Exogenous Ascorbic Acid Induced Chilling Tolerance in Tomato Plants Through Modulating Metabolism, Osmolytes, Antioxidants, and Transcriptional Regulation of Catalase and Heat Shock Proteins.
ABSTRACT: Chilling, a sort of cold stress, is a typical abiotic ecological stress that impacts the development as well as the growth of crops. The present study was carried to investigate the role of ascorbic acid root priming in enhancing tolerance of tomato seedlings against acute chilling stress. The treatments included untreated control, ascorbic acid-treated plants (AsA; 0.5 mM), acute chilling-stressed plants (4 °C), and chilling stressed seedlings treated by ascorbic acid. Exposure to acute chilling stress reduced growth in terms of length, fresh and dry biomass, pigment synthesis, and photosynthesis. AsA was effective in mitigating the injurious effects of chilling stress to significant levels when supplied at 0.5 mM concentrations. AsA priming reduced the chilling mediated oxidative damage by lowering the electrolyte leakage, lipid peroxidation, and hydrogen peroxide. Moreover, up regulating the activity of enzymatic components of the antioxidant system. Further, 0.5 mM AsA proved beneficial in enhancing ions uptake in normal and chilling stressed seedlings. At the gene expression level, AsA significantly lowered the expression level of CAT and heat shock protein genes. Therefore, we theorize that the implementation of exogenous AsA treatment reduced the negative effects of severe chilling stress on tomato.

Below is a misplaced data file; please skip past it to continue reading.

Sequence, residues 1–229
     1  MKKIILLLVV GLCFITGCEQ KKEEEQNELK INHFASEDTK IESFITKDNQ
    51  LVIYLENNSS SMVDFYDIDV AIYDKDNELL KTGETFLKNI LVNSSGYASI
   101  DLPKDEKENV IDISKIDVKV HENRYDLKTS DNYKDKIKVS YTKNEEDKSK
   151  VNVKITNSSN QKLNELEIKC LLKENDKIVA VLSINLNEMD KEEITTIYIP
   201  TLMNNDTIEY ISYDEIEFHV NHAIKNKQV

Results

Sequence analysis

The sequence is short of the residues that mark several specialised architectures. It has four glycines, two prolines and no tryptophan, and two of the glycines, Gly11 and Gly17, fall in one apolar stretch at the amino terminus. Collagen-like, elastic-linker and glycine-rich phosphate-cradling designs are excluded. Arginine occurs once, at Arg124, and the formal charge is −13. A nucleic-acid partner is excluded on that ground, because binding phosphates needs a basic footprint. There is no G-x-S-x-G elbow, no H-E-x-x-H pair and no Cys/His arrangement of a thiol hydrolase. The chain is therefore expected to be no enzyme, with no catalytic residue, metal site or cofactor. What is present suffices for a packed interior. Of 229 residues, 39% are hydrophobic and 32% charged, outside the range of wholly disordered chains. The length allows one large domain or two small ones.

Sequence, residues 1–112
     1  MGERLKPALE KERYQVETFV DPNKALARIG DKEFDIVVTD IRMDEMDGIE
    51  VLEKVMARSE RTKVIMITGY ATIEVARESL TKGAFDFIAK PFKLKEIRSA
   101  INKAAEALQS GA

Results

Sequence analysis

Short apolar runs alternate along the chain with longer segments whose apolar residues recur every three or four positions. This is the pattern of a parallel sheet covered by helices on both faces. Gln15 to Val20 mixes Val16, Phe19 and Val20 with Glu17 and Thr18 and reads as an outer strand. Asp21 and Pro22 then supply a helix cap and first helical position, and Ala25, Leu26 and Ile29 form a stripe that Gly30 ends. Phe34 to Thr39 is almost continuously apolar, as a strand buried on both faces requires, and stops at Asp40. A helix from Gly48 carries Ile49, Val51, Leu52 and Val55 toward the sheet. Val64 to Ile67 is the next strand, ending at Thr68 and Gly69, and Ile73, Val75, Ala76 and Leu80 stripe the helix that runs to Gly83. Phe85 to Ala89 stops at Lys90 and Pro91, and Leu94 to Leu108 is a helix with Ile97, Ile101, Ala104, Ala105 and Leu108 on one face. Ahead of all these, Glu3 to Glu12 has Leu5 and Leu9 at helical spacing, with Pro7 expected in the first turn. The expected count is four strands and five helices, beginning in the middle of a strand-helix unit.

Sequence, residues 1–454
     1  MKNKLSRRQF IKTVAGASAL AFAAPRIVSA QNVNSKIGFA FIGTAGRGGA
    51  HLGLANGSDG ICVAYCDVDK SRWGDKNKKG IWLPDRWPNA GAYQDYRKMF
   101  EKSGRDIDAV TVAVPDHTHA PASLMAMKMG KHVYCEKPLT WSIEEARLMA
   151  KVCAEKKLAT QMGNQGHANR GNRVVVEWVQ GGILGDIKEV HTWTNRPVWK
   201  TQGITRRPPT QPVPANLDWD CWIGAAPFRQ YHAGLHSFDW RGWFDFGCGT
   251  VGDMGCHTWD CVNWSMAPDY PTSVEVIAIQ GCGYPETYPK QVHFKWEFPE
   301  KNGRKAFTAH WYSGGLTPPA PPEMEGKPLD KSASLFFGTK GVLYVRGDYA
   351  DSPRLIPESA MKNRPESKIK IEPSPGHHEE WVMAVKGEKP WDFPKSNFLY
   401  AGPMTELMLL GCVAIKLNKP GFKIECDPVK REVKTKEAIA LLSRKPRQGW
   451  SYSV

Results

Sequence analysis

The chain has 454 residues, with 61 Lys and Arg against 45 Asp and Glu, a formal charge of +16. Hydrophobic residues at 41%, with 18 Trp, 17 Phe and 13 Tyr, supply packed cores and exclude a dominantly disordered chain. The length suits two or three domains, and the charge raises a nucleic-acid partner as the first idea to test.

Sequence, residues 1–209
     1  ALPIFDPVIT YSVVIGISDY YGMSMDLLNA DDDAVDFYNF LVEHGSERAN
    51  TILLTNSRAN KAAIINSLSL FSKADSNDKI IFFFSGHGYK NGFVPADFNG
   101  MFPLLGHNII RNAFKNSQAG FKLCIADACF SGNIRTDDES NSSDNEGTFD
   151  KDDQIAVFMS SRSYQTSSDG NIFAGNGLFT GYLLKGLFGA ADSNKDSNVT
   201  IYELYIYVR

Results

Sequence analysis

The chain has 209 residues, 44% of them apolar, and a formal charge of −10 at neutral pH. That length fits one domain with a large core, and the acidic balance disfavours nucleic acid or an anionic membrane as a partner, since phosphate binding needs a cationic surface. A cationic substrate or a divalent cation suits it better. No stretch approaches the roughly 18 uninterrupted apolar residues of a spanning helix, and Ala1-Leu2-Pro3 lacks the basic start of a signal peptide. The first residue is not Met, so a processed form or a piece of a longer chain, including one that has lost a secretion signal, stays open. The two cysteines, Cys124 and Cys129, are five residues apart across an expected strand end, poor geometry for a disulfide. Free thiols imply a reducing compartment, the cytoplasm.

PROVIDER: S-EPMC7238171 | BioStudies |